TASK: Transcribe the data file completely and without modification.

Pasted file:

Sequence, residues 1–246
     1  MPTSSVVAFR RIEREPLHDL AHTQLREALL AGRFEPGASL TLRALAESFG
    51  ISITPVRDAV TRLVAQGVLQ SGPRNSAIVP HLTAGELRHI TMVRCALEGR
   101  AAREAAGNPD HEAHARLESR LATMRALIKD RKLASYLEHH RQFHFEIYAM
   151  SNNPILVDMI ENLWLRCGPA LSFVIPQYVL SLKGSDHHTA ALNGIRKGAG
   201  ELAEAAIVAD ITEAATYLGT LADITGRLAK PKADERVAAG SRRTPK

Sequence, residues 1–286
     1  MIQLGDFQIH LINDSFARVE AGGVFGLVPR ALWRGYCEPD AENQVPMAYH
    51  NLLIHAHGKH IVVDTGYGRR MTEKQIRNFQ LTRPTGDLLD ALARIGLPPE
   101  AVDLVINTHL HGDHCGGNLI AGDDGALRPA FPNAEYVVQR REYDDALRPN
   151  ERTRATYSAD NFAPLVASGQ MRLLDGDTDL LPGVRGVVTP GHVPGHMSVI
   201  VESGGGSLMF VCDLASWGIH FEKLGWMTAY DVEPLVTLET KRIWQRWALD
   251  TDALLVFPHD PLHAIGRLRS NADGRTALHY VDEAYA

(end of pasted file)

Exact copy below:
Sequence, residues 1–246
     1  MPTSSVVAFR RIEREPLHDL AHTQLREALL AGRFEPGASL TLRALAESFG
    51  ISITPVRDAV TRLVAQGVLQ SGPRNSAIVP HLTAGELRHI TMVRCALEGR
   101  AAREAAGNPD HEAHARLESR LATMRALIKD RKLASYLEHH RQFHFEIYAM
   151  SNNPILVDMI ENLWLRCGPA LSFVIPQYVL SLKGSDHHTA ALNGIRKGAG
   201  ELAEAAIVAD ITEAATYLGT LADITGRLAK PKADERVAAG SRRTPK

Sequence, residues 1–286
     1  MIQLGDFQIH LINDSFARVE AGGVFGLVPR ALWRGYCEPD AENQVPMAYH
    51  NLLIHAHGKH IVVDTGYGRR MTEKQIRNFQ LTRPTGDLLD ALARIGLPPE
   101  AVDLVINTHL HGDHCGGNLI AGDDGALRPA FPNAEYVVQR REYDDALRPN
   151  ERTRATYSAD NFAPLVASGQ MRLLDGDTDL LPGVRGVVTP GHVPGHMSVI
   201  VESGGGSLMF VCDLASWGIH FEKLGWMTAY DVEPLVTLET KRIWQRWALD
   251  TDALLVFPHD PLHAIGRLRS NADGRTALHY VDEAYA